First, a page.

Guernica37, an international law and human-rights NGO based in the U.K., issued a press release that day claiming Makhlouf fled to the United Arab Emirates, but it is unclear whether Makhlouf, sanctioned by the U.S. Treasury Department since 2008, is truly in the UAE or seeking refuge elsewhere. That same day, Syrian Republican Guard units seeking to arrest Makhlouf raided his villa on the outskirts of Damascus, failing to turn up evidence of his whereabouts.
Previously, security forces stormed the offices of Syriatel, arresting 28 high-ranking officials, and arrested Wadah Abd al-Rabu, editor in chief of the al-Watan newspaper, one of Syria’s most prominent pro-regime media mouthpieces, which Makhlouf has owned since 2006.
As the showdown took shape, Rami Makhlouf issued a series of stunning rebukes to Assad and his regime in two videos uploaded to his personal Facebook page on April 30 and May 3. “Can you believe it?” Makhlouf asked in the second video, “Security services have stormed the offices of Rami Makhlouf, their biggest funder and supporter, most faithful servant, and most prominent patron throughout the whole of the war… The pressure being put on us is intolerable, and inhumane.”
The crux of the dispute is control of Syriatel, a joint public-private partnership half owned by the state, which is entitled to roughly 50 percent of the company’s profits in addition to taxes and other state fees. On April 27, Syria’s Telecommunications and Post Regulatory Authority (TPRA) announced that Syriatel and the country’s only other telecommunication service, MTN, collectively owed $449.65 million to the country’s treasury in annual profits required to be shared with the state. MTN has announced that it intends to pay its $172.9 million share, but Makhlouf has remained defiant.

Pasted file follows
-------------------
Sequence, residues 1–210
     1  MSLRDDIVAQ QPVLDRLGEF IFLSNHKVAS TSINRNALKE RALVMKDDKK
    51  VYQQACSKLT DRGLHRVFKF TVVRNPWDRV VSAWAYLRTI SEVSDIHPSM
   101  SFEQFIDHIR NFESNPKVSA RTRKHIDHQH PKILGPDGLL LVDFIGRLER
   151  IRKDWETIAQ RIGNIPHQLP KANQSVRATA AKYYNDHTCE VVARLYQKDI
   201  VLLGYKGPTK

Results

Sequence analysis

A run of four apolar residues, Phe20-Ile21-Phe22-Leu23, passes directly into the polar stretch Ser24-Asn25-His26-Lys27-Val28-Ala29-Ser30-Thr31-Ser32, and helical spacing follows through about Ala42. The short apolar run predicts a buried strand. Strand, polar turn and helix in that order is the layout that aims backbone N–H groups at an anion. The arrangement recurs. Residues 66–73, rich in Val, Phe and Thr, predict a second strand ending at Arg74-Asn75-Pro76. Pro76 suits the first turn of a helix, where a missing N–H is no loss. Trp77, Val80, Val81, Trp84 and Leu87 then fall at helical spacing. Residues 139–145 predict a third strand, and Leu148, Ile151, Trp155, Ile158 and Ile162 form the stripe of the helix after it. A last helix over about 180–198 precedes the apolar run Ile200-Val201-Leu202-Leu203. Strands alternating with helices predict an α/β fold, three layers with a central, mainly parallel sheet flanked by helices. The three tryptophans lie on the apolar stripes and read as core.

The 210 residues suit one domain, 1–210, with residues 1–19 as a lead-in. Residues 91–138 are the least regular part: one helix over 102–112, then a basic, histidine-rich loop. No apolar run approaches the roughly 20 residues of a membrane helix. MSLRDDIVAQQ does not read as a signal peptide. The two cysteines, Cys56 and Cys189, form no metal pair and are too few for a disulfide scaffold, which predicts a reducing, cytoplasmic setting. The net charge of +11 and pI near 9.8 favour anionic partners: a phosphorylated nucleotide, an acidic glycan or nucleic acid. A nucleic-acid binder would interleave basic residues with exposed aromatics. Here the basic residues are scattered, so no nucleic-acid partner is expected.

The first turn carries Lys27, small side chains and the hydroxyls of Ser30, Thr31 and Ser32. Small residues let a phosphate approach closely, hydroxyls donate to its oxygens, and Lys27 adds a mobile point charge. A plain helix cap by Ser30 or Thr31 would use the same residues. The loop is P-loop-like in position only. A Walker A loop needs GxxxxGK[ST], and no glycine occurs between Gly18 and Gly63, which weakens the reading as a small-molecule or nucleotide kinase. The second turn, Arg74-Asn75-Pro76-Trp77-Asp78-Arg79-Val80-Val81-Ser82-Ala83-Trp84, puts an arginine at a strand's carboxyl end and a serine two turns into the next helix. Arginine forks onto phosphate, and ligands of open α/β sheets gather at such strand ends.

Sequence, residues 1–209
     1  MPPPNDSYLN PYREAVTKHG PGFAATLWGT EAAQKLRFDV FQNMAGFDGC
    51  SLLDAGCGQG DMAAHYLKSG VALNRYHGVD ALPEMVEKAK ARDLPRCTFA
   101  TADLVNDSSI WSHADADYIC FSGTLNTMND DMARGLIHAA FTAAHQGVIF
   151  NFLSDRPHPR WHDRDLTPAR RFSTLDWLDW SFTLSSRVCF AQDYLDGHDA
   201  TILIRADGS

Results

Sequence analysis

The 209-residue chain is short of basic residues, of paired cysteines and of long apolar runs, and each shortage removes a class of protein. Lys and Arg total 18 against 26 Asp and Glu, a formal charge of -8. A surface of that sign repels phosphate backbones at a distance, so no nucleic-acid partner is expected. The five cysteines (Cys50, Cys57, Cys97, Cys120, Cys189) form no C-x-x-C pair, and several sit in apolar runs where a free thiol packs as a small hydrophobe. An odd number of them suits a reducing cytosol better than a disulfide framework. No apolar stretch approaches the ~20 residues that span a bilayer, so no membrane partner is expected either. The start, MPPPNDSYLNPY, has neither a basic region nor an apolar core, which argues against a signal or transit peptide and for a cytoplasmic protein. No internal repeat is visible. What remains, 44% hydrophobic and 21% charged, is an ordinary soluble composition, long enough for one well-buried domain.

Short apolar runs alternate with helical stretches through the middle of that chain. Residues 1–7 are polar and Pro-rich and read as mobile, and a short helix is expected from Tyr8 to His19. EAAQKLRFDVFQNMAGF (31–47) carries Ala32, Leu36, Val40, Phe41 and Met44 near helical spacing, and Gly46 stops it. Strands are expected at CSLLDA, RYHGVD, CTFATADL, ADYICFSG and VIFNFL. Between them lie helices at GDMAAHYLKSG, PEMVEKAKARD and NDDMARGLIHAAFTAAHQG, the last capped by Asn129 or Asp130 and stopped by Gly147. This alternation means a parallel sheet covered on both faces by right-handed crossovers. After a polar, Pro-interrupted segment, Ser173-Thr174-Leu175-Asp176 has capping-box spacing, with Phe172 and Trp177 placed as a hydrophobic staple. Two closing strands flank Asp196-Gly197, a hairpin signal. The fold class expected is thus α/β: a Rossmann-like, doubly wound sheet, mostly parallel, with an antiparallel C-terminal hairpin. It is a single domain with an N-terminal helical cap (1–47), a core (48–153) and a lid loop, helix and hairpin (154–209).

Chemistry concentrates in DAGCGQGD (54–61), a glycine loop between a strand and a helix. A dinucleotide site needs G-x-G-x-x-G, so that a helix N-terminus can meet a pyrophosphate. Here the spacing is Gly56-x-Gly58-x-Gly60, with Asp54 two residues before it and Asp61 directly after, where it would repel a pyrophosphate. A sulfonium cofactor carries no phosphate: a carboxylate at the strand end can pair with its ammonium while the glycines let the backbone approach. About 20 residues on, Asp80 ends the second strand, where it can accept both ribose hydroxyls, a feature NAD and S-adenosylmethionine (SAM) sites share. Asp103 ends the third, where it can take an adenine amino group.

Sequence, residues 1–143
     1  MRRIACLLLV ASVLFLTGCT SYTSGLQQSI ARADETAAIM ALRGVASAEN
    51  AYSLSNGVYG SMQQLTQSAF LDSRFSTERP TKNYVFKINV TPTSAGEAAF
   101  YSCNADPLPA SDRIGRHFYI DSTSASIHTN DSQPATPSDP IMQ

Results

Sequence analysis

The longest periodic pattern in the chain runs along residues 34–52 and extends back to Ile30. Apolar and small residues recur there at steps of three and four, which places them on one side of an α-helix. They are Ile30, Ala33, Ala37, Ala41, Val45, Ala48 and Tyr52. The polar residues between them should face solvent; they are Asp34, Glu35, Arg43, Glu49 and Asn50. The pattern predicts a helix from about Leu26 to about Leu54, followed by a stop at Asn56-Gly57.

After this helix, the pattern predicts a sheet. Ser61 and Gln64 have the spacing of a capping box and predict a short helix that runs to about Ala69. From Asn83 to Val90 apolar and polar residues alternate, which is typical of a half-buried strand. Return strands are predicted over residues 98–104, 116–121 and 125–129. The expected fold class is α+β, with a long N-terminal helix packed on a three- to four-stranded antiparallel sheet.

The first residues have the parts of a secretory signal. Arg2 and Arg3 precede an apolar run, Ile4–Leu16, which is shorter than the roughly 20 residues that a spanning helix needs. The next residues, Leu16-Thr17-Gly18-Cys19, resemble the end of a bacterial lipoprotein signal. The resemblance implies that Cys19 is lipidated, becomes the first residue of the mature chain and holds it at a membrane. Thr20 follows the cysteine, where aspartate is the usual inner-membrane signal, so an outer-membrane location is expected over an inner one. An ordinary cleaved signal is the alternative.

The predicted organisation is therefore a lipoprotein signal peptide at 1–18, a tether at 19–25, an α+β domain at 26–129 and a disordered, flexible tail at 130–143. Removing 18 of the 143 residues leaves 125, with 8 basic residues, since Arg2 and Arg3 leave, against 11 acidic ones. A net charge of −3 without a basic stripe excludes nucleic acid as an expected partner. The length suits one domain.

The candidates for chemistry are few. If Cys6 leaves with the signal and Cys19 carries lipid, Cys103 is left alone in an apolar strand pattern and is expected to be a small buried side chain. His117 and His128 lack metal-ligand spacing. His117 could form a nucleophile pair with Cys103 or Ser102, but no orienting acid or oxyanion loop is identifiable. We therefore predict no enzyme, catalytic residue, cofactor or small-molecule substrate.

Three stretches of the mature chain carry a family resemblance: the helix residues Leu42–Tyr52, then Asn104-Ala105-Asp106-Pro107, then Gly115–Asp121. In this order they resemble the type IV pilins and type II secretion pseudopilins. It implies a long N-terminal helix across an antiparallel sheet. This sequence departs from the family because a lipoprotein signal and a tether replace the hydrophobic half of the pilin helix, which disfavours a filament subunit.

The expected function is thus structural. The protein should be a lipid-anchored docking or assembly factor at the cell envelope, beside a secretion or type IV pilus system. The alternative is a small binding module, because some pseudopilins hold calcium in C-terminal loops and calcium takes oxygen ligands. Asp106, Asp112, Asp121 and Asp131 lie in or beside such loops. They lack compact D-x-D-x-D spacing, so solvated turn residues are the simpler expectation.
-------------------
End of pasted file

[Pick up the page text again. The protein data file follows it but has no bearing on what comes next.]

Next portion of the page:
“The state has no right to this money, and it’s turning its back on previous agreements made years back,” Makhlouf declared. “I’ll soon be releasing documents that I’ve already submitted to the relevant authorities clearly demonstrating why they have no right to this money,” he added.
In a state known for carrying out the wholesale slaughter of those who test its authority, Makhlouf’s audacity addressing the president like that sent shockwaves throughout the country. But it’s not surprising. This is the culmination of explicit efforts by Asma, Maher, and Bashar al-Assad over the last year to strip Rami Makhlouf and his relatives of their power in Syria.
These maneuvering began last August, following Russian demands that the Syrian regime pay back between $2 billion and $3 billion in past due loans, at which point regime security forces put Rami Makhlouf under house arrest in an attempt to force the telecoms mogul to foot the bill.
By September, Asma and a cadre of loyal officials who previously worked in her network of NGOs launched a hostile takeover of the Bustan Cooperative, a charitable organization run by Makhlouf through which the salaries of SSNP and other militiamen loyal to Rami had been paid.
In October 2019, it was also announced that Asma would be establishing a third telecommunications company in Syria that aimed to seize market share from Syriatel. Lastly, Syria’s Ministry of Finance issued two separate orders on December 24 and March 17 to freeze assets owned by Rami Makhlouf’s Abar Petroleum Services company that were later used to plug budget deficits within the country’s General Customs Directorate.